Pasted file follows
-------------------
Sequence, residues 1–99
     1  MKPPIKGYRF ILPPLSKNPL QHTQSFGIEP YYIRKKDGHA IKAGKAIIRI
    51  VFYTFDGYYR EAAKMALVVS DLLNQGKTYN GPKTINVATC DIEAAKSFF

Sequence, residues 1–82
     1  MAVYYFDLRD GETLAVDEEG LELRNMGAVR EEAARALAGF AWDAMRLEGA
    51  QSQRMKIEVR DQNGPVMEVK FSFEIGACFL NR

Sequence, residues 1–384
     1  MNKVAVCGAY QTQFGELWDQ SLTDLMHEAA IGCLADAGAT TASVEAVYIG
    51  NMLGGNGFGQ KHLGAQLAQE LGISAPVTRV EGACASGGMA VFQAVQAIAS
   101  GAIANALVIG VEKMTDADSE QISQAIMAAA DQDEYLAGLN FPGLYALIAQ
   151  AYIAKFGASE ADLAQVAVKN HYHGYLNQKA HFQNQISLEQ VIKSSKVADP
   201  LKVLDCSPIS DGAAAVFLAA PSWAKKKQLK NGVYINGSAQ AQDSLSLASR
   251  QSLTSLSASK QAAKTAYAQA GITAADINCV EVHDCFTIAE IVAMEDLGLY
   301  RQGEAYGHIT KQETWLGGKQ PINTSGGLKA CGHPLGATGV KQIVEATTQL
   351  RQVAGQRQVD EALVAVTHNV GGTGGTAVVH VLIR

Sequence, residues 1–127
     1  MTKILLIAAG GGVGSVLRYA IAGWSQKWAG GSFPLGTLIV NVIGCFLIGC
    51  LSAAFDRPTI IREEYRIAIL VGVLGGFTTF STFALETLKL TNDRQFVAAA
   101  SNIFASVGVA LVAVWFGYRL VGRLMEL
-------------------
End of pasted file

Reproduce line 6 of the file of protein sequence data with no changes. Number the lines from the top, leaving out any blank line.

    51  QSQRMKIEVR DQNGPVMEVK FSFEIGACFL NR